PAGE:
sudo mount -o dmask=000,fmask=111 /dev/sda5 /media/drive_E
sudo mount -o dmask=000,fmask=111 /dev/sda6 /media/drive_F
The first two commands create directories where we try to "mount" your two partitions with the last two commands. You can use other names in place of "drive_E" and "drive_F" if you wish. If either/both of the mount commands give errors, please post them. If there are no errors, then (hopefully) the two partitions are available for reading and writing by all users (we can change that if you wish). They might show up in

Places -> Computer

If not, look for them in

Places -> Computer -> Filesystem

and click on the folder called media.

If this works as hoped, then we can modify your /etc/fstab file such that they will be automatically mounted each time you boot. In preparation for that, would you please post the current contents of /etc/fstab?
 
Old 01-02-2009, 08:53 PM   #9
raphtor
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no before i installed hardy using wubi,all my windows partions were NTFS formatted.the commands you gave have prompted for the filesystem type.should i type NTFS or fat16 as shown?and where should i add it in the command?is there a chance after installation hardy changes type of filesystem?


heres the output:
harsha@harsha-laptop:~$ sudo mkdir /media/drive_E
[sudo] password for harsha:
harsha@harsha-laptop:~$ sudo mkdir /media/drive_F
harsha@harsha-laptop:~$ sudo mount -o dmask=000,fmask=111 /dev/sda5 /media/drive_E
mount: you must specify the filesystem type
harsha@harsha-laptop:~$ sudo mount -o dmask=000,fmask=111 /dev/sda6 /media/drive_F
mount: you must specify the filesystem type
harsha@harsha-laptop:





CURRENT CONTENTS OF fstab:
# /etc/fstab: static file system information.
#
# -- This file has been automaticly generated by ntfs-config --
#
# <file system> <mount point> <type> <options> <dump> <pass>

proc /proc proc defaults 0 0
/host/ubuntu/disks/root.disk / ext3 loop,errors=remount-ro 0 1
/host/ubuntu/disks/boot /boot none bind 0 0
/host/ubuntu/disks/swap.disk none swap loop,sw 0 0
/dev/scd0 /media/cdrom0 udf,iso9660 user,noauto,exec,utf8 0 0
/dev/sda1 /media/harsha ntfs-3g defaults,locale=en_US.UTF-8 0 0

Last edited by raphtor; 01-02-2009 at 08:55 PM.
 
Old 01-03-2009, 08:12 AM   #10
blackhole54
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Quote:
Originally Posted by raphtor View Post
no before i installed hardy using wubi,all my windows partions were NTFS formatted.the commands you gave have prompted for the filesystem type.
Well, as I said, the output of fdisk is not conclusive in this regard. It gives us a "type" that has been assigned to the partition but doesn't actually tell what filesystem is installed on the partition. Lets proceed with the assumption they contain NTFS. (That's why I asked you. )

I consulted several sources in deciding how to proceed. I'll tell what they were so you can follow along in the thought process if you wish.

The first was the following line from your fstab file which already mounts "the C drive":

Code:
 /dev/sda1 /media/harsha ntfs-3g defaults,locale=en_US.UTF-8 0 0
Another was this documentation page from the Ubuntu website. You might find it interesting to take a look at.

I also looked at the following two pages for information about ntfs-3g permisions and mount options.
http://pagesperso-orange.fr/b.andre/...d-ntfs-3g.html
http://pagesperso-orange.fr/b.andre/permissions.html

Those last two pages are a little more advanced so feel free to skip them. Or not.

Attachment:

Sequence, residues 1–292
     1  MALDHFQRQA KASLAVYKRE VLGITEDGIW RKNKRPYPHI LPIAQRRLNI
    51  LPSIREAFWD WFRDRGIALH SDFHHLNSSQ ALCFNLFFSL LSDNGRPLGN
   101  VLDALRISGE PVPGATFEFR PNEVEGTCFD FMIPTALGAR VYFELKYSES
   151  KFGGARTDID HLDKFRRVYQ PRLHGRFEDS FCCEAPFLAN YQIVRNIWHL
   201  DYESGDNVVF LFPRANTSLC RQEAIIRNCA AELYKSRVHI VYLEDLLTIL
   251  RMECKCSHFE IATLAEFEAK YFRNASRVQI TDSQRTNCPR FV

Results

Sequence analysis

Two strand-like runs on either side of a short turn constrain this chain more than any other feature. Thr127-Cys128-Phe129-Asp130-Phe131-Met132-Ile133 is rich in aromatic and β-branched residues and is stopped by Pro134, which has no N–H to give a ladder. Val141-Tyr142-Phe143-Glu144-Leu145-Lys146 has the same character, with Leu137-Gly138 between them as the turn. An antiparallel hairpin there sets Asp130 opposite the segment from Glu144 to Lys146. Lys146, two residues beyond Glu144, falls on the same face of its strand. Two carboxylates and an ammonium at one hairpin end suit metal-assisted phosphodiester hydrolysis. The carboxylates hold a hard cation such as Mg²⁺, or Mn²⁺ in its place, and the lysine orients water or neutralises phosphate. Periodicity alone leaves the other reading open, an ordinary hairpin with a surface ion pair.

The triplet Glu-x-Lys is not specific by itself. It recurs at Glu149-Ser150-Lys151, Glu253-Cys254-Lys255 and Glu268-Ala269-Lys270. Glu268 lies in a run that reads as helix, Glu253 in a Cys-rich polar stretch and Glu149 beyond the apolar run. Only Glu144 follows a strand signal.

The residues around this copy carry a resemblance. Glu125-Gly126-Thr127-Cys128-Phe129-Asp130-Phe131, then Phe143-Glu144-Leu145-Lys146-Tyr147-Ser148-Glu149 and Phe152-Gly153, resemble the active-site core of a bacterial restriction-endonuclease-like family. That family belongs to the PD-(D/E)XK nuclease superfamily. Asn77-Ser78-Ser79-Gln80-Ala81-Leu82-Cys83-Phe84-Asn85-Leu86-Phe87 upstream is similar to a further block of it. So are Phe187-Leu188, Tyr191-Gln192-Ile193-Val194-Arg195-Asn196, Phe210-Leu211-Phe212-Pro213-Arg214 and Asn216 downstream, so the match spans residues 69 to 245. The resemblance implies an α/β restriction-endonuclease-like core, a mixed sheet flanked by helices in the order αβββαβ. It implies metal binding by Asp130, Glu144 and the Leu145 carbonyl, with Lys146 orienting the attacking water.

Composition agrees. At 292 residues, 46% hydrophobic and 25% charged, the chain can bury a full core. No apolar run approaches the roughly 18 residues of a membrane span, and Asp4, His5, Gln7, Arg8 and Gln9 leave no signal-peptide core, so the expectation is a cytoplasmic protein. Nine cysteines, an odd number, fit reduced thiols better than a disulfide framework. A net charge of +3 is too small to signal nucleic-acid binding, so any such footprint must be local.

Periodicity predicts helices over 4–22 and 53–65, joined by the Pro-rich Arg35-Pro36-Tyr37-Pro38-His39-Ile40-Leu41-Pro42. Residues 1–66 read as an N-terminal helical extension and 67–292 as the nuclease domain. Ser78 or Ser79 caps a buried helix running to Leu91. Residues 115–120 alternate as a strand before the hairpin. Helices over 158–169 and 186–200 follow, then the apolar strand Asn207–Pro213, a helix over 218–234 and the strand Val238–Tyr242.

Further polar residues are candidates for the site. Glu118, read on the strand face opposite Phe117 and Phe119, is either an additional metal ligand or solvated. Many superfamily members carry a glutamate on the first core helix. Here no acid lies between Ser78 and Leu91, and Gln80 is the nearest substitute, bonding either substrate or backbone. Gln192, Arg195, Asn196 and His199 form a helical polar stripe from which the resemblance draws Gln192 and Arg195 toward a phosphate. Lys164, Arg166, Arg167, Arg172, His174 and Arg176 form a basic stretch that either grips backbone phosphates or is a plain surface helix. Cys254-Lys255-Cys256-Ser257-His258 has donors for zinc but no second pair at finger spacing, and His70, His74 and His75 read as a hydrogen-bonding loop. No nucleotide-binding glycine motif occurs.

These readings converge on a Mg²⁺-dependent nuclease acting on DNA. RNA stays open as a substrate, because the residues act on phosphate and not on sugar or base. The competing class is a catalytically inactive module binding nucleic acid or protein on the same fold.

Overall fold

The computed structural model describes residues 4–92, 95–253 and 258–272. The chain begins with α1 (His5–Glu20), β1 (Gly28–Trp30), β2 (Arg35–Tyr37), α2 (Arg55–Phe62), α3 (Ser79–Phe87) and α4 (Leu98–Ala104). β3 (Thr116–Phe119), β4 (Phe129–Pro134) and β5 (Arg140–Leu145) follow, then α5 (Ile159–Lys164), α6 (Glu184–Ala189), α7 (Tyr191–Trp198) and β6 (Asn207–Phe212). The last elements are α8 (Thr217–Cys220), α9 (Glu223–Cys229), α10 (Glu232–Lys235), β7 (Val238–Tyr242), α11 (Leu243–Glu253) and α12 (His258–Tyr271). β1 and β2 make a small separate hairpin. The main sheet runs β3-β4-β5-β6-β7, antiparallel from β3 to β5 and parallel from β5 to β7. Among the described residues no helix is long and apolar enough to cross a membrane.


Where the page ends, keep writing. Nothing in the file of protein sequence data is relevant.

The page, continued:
So to proceed with the manual tests, I would suggest trying:

Code:
sudo mount -t ntfs-3g -o dmask=000,fmask=111,locale=en_US.UTF-8 /dev/sda5 /media/drive_E
sudo mount -t ntfs-3g -o dmask=000,fmask=111,locale=en_US.UTF-8 /dev/sda6 /media/drive_F
You can change locale=en_US.UTF-8 to what is appropriate for your location, if you know what it is. (This is apparently used to decide which Unicode characters are permissble in the NTFS file names.)

If this seems to work to your satisfaction, you can add the following lines to /etc/fstab. (I'll tell you how below.)

Code:
/dev/sda5     /media/drive_E         ntfs-3g       dmask=000,fmask=111,locale=en_US.UTF-8        0         0
/dev/sda6     /media/drive_F         ntfs-3g       dmask=000,fmask=111,locale=en_US.UTF-8        0         0
I've spaced the above out so the fields are obvious. If it is feasible, I suggest trying to line up the columns with what is already in the file to keep the file readable. Again, you can change the locale string if you wish. You can even change the locale string in the line that already exists.

For editing fstab, I am pretty much going to follow the instructions in that first link I gave above. /etc/fstab is a system file and cannot be edited by regular users. Therefore you are going to use sudo and gksudo to gain root (administrator) privilege.

When editing system files it is always a good idea to backup the original file in case you make an error or something goes wrong. That way you can always get back to where you started. The commands below are typed into a terminal like you did before.

To backup /etc/fstab:

Code:
sudo cp -p /etc/fstab /etc/fstab.orig
You can choose whatever editor you are comfortable with. I am going to illustrate with gedit . If you wish to use a different editor, just substitute its name for gedit.

Code:
gksudo gedit /etc/fstab
If you prefer a command line text editor (e.g., vi), use sudo instead of gksudo.

After editing and saving the file, then the next time you boot the machine the partitions should already be mounted for you.



For future reference you might wish to look at the comment about "code tags" in my signature.
 
Old 01-03-2009, 11:21 AM   #11
raphtor
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yeah it worked.thanks for ur patience and time.

Last edited by raphtor; 01-03-2009 at 10:23 PM.